ACA Repeal Passes the House: What Does This Really Mean?

In a 217-213 vote, Republican members of the House of Representatives managed to pass a bill yesterday (May 4th, 2017) that will supposedly begin the process of repealing and “replacing” the Affordable Care Act. While the President and members of Congress are celebrating their symbolic victory, it is important to pay attention to the big picture. The first noteworthy subject is the Senate, which has promised a deliberation process that will last upwards of six weeks and include a proper evaluation by the Congressional Budget Office. There have also been hints from more than one Republican Senator that the bill that the Senate will vote on will look little, if at all, like the bill that exited the House today. Now, given whose hands this is in, that’s not necessarily encouraging in itself– a new bill doesn’t necessarily mean a better bill. That said, the new bill would then have to return to the House for approval, and given what happened the last time the House had a more moderate healthcare bill in front of them, one can imagine that negotiation process will be…difficult, at best. Assuming the Senate passes a bill, it will then most likely go to committee for debate and compromise before coming to a vote in both houses once again. In short, this is far from over.

That should not, however, serve as an excuse to be anything less than acquainted with the nature of the bill as it presently stands. Most notably, the classification and management of individuals with pre-existing conditions has been at the forefront of conversations, and rightfully so. While we do not fully know what is and is not funded by the bill yet–neither do many Republicans who voted for it– we have had several glimpses into its contents. First, an amendment to the bill proposed by Representative Tom MacArthur (R-NJ) will allow states to petition the federal government for the right to charge individuals with pre-existing conditions more. States who take advantage of this will be required to maintain a so-called “risk-sharing” plan, which will be partially subsidized by the eight billion dollar amendment that was added yesterday, May 3rd, to help cover the cost. The AARP, among others, have described this funding as inadequate. The bill also does not define pre-existing conditions that would qualify for the waiver– meaning any condition identified by insurance companies would likely be at risk. Here are some examples:

  • Mental Health: Anorexia Nervosa, Bipolar Disorder, Bulimia Nervosa, Generalized Anxiety Disorder, Major Depressive Disorder, Obsessive-Compulsive Disorder, Post-Traumatic Stress Disorder, Schizophrenia, etc.
  • Behavioral/ Developmental Health: Autism Spectrum Disorders, Down Syndrome,   Attention Deficit (Hyperactivity) Disorder, Tourette’s Syndrome, etc.
  • Chronic Physical Health Conditions: Arthritis, Asthma, Blindness, Cancer, Deafness, Diabetes, Epilepsy, Heartburn, Hepatitis, Heart Disease, HIV/ AIDS, Migraines, Obesity, Osteoporosis, Paralysis, Tooth Disease, Ulcers, etc.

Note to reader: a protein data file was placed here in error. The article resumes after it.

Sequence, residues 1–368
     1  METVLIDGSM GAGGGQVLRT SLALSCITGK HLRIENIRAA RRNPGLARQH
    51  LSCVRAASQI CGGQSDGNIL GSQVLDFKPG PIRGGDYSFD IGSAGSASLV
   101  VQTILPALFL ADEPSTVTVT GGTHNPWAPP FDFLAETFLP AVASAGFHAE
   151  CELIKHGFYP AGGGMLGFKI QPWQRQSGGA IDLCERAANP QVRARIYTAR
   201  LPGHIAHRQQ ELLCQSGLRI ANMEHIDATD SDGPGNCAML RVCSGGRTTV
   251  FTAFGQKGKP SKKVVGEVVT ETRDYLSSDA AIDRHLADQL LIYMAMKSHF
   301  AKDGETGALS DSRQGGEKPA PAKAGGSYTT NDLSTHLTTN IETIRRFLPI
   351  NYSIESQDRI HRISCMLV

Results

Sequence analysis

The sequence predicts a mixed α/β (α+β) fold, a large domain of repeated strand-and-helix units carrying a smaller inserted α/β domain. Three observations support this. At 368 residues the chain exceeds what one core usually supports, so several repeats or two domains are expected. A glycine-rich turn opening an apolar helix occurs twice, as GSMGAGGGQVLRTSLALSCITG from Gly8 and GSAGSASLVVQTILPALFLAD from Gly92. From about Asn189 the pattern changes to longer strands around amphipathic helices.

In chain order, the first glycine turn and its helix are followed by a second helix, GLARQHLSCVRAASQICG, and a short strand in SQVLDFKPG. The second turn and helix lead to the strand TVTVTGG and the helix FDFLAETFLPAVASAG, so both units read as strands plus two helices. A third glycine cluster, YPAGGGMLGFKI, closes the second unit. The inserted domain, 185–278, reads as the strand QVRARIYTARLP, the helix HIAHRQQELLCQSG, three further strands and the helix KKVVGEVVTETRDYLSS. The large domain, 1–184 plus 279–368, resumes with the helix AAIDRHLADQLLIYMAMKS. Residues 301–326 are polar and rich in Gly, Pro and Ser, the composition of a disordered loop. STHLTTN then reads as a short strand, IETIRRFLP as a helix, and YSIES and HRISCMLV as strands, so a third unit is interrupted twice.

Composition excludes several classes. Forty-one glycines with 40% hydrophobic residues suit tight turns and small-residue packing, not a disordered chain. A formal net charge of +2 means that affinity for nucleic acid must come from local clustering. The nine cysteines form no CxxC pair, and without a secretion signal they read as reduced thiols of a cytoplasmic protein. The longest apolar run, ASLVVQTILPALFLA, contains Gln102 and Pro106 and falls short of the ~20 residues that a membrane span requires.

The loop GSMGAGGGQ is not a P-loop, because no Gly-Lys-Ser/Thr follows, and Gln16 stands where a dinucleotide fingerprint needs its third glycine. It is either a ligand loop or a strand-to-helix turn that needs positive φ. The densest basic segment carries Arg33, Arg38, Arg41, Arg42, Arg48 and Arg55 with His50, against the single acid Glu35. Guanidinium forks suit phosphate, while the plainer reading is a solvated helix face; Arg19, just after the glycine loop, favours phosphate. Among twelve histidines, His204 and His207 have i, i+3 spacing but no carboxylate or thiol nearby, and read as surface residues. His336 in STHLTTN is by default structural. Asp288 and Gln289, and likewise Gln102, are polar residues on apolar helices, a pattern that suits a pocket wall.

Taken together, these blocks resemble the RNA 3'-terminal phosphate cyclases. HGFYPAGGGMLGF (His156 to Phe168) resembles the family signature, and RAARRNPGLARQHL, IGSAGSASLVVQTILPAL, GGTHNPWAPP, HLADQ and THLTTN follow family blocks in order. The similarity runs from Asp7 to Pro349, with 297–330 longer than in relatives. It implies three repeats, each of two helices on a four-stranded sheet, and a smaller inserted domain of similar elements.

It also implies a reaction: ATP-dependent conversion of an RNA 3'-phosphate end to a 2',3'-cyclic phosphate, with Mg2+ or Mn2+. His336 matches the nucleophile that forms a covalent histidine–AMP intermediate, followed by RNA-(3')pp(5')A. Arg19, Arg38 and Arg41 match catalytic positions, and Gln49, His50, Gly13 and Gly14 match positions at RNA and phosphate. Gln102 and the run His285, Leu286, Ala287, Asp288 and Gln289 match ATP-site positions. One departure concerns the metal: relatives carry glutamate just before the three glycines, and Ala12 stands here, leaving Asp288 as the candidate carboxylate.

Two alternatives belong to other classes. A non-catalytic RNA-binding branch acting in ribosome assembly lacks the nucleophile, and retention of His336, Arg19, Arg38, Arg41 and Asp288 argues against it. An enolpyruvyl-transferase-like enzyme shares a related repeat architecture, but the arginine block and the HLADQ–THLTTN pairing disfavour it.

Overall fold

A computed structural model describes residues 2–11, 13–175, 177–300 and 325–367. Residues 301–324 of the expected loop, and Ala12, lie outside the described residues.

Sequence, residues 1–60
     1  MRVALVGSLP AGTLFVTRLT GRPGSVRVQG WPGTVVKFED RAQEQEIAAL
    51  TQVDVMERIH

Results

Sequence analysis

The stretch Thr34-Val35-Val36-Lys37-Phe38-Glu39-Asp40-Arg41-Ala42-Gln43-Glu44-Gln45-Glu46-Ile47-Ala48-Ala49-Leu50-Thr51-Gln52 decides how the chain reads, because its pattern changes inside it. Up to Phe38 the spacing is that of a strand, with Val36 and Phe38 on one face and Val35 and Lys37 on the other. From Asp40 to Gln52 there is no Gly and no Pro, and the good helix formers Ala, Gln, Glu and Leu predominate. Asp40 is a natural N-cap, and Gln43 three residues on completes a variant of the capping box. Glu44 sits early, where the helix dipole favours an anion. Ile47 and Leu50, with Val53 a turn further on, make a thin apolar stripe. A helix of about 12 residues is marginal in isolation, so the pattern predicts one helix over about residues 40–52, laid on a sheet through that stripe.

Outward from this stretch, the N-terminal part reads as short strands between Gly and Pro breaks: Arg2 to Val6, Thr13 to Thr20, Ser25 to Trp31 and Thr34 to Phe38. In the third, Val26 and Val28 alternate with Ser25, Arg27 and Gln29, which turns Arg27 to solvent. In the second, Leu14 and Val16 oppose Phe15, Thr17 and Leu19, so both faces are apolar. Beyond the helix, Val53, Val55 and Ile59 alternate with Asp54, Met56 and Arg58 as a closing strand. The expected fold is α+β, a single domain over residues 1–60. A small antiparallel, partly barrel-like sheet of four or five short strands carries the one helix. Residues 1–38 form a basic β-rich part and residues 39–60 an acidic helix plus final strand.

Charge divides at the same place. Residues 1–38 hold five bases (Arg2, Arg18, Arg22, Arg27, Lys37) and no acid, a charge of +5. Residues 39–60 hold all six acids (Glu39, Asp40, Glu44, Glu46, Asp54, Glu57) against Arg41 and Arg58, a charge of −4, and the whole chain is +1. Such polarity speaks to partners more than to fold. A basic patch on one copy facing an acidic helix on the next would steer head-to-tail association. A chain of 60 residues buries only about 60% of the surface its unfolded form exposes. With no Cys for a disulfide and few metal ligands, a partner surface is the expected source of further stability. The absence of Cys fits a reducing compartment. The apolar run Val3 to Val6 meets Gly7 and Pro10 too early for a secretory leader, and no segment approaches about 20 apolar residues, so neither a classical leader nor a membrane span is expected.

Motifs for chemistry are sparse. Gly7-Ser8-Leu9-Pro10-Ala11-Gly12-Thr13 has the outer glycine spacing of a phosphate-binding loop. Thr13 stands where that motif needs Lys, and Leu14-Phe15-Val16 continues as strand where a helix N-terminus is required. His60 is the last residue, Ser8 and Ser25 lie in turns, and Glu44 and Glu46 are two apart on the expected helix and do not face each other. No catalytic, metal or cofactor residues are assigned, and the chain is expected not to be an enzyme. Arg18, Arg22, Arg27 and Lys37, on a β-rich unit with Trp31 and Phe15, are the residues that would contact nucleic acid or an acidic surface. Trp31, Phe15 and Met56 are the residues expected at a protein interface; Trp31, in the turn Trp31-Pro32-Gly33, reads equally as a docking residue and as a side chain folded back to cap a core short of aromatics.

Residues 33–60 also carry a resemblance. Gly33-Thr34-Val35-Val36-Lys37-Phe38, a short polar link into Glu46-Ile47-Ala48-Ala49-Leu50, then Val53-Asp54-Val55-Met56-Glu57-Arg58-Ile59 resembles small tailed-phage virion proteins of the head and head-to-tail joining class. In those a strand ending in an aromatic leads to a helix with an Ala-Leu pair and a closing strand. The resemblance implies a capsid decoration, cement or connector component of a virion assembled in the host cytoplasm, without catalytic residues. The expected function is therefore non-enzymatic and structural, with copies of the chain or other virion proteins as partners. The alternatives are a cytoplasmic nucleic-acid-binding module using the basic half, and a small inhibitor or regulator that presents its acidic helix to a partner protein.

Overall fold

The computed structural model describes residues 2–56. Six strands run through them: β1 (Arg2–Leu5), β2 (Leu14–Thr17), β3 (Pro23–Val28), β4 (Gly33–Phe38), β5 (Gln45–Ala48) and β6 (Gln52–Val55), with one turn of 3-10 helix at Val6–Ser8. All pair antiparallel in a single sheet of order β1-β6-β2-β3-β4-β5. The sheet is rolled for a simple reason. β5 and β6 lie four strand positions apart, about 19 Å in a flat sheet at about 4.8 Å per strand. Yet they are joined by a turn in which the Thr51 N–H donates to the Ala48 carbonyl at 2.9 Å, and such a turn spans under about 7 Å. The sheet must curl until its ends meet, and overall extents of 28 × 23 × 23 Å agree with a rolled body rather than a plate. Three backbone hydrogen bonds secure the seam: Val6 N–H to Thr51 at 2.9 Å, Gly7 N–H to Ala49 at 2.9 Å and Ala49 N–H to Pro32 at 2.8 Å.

• Women’s Health: Cesarian section, Endrometriosis, Menstruation, Ovarian Cyst,  Premenstrual Dysphoric Disorder (PMDD), Postpartum Depression, Polycystic Ovarian Syndrome (PCOS), as well as surviving domestic violence or sexual assault, etc.

For a full list of conditions, see below, courtesy of Igor Volsky:

Now, first and foremost, health insurance absolutely is a game of odds: many of these disorders do carry a higher risk of needing health care, and some would argue that that means it is reasonable to ask those people to pay more. This might seem fair in the absence of context, but looking closer reveals the myriad problems with such a mentality. First, many chronic and deadly diseases disproportionally affect minorities in this country, particularly people of color as systemic inequalities in socioeconomic status make access to adequate nutrition, as well as preventative and responsive care more difficult. This reality is further complicated by the decreased likelihood of adequate government intervention in minority-prevalent and low-income areas facing public health crises. Flint, Michigan, a city in which more than half of residents are African-American and the average resident is living below the poverty line, tells this story as well as anywhere: residents remain without clean drinking water three years later. So, minorities are more susceptible to disease and less likely to receive federal aid to manage public health crises. Now add the likelihood of facing discrimination when seeking care, and subsequent inequities in the care provided to people of color, individuals of low socioeconomic status, non-heterosexual individuals, transgender or gender non-conforming individuals, women, individuals with low levels of education, and people with disabilities– a likelihood high enough to compel the CDC to begin issuing annual reports on the subject. Finally, consider that the people most disproportionally affected by these diseases, and the most likely to receive discriminatory and unequal care, are also individuals most heavily impacted by financial inequities– namely, the wage gap, and discriminatory hiring practices, assuming they have the necessary documentation and ability to work in the first place. It is also important to note that, regardless of minority status, many of these diseases would make it difficult for a person to work full time, or at all. So, is it reasonable to demand higher payment from these individuals, or from people who are healthy and making more money than average? Maybe it’s the liberal in me, but it seems two things should be clear: 1) if the United States is going to continue to tout the myth of American Exceptionalism, we need to get on board with other leading nations in recognizing healthcare as a fundamental human right– not a right of the wealthy, or even a right of citizenship; 2) if changes to the Affordable Care Act need to be made, it is because the ACA does not do enough to progress healthcare in the United States towards a single payer system, not because it does too much.

One would imagine it is for this reason that Democrats in the House of Representatives sang “Na Na Na Na, Na Na Na Na, Hey Hey, Goodbye” at House Republicans yesterday following the passage of the bill, with the obvious implication being that those who voted to take healthcare away from their constituents will have a difficult time getting re-elected. So, while Republicans gleefully celebrate the first step in reversing human rights progress, it is our job to ensure our Democratic representatives were correct, and to fight against this bill–or whatever version of it emerges from the Senate–with all of our efforts. It is no understatement to say that there are millions of lives on the line.